Sunday, February 8, 2009

Reset

Hard as it may be to believe, I do realize that there are many things in this world that are far more impt. than my ego. Yes, that's directed to you, dear friends. I got the message, and I assure you, you will be the first people I call once I "pull my head out of my ass"... seriously. In the meantime, I thought I should share some of the things that have been occupying my mind over the past couple of weeks...

Well, there's the major muck that is Gaza. Much has been said on the subject, and if this teaches me anything, it is to regard human beings with significant contempt. We really are a pathetic bunch of fucks for letting this go on for so long.

That brings me to the Coen brothers... which is to say that I can't blame them for doing the same in just about all their movies. I'd watched Fargo & The Big Lebowski before, and maybe it's cause I was happier/younger/naive back then, but I didn't really pick up on their disdain for their audience/characters as much as I did when I recently watched No Country for Old Men and Burn After Reading.

The pitfalls in Burn are easy to find - Linda Litzke's portrayal could be read as a misogynistic one, as could those of any of the other women; and really in a film about complete idiots, the only character who manages to evoke any sympathy, and by extension some semblance of humanity, is an ex-analyst for the CIA - Osbourne Cox. Presumably named for laughs, Cox also happens to be a graduate of Princeton (class of '73 to be precise - a fact that the movie reiterates several times) and lives in a million$ brownstone in swanky Georgetown, until he is unceremoniously usurped from this throne and forced to seek exile in a smaller but none too indecorous sailboat. Poor guy. Meanwhile, his "cold stuck-up bitch" of a wife - incidentally, the same description is used for another female xter, clearly the Coens are not engaged in any imaginative tongue in cheek criticism - empties his accounts and changes the locks. Finally, Cox returns to his house to take his revenge, carelessly clad in boxers and a loosely tied robe (both designer, I bet) which is a far cry from the pristine three-piece he started off in (per special features commentary). Long story short, he ends up in a comma soon after, having nearly died in a battle against "one of the morons (he had) spent (his) whole life fighting." Feel free to draw your own conclusions.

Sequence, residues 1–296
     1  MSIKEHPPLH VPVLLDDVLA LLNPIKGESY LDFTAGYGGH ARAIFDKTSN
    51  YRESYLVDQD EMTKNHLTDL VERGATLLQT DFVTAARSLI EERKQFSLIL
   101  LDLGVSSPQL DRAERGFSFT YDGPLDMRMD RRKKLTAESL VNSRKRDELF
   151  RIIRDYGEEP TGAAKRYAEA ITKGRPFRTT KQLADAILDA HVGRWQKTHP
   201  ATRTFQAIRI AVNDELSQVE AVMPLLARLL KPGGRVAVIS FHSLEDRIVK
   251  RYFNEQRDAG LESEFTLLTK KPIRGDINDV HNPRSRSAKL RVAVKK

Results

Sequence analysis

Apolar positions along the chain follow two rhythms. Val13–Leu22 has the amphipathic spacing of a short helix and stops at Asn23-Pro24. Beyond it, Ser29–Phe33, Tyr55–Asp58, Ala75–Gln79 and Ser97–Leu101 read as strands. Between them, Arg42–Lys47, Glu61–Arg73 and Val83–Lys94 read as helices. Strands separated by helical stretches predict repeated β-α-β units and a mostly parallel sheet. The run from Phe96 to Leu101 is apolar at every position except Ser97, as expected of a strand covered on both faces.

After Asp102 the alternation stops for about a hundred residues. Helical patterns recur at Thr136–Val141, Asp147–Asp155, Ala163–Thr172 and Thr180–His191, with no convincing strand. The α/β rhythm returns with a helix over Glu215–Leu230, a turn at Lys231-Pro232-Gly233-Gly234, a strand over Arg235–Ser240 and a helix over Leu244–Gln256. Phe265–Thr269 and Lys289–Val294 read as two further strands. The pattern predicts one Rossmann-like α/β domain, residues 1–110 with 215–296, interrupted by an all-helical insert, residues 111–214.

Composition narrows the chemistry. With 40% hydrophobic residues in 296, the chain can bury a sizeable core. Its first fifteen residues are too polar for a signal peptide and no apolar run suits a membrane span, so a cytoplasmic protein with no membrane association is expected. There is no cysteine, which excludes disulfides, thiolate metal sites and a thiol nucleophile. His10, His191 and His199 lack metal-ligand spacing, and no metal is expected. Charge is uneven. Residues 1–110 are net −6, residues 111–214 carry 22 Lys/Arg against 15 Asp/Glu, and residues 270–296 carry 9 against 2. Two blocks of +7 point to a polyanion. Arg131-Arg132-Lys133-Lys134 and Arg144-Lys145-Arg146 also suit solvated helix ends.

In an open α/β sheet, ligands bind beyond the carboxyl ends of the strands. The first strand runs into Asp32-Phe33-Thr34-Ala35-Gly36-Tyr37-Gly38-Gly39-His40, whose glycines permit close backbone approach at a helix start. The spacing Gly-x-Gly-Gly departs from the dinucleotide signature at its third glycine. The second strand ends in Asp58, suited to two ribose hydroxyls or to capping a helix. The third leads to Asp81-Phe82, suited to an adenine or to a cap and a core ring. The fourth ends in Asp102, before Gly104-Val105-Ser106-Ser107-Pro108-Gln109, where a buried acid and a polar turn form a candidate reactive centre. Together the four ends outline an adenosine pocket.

Of course, the film is only this potent in its attack if you take it seriously. Here, the Coens shift their contemptuous focus onto their audience, those idiots who will laugh at anything. As a viewer, you have two options: you could laugh at the sophomoric attempts at humor, the half drawn characters, and the flimsy-at-best script; or, you could sit there for a full 95 minutes and be insulted by the Coens' narrow world view. Enjoy the show.

No Country on the other hand, has a clearer outlook. I suppose I can't give the brothers full credit here, seeing as that it is based on a literary predecessor by the same name, but as an article I recently read points out, "it seems no coincidence that this filmic reproduction... erupts in a xenophobic political era obsessed with national boundaries."

It's Sunday and I have already violated the sabbath enough with this revival, so I will end this here. Look for a future post wherein I share my predictably unfavorable views on the insufferable Slumdog Millionaire.

NB: I know it seems like I invariably end up on the opposite side of public opinion, but it's not always so, I am actually very pleased at this year's NBCC's recognition of Orpheus in the Bronx among other gems. And I do like K'Naan.
NB2: Turns out that the NYer's Denby already did a good enough job of explaining everything that is wrong with Slumdog.

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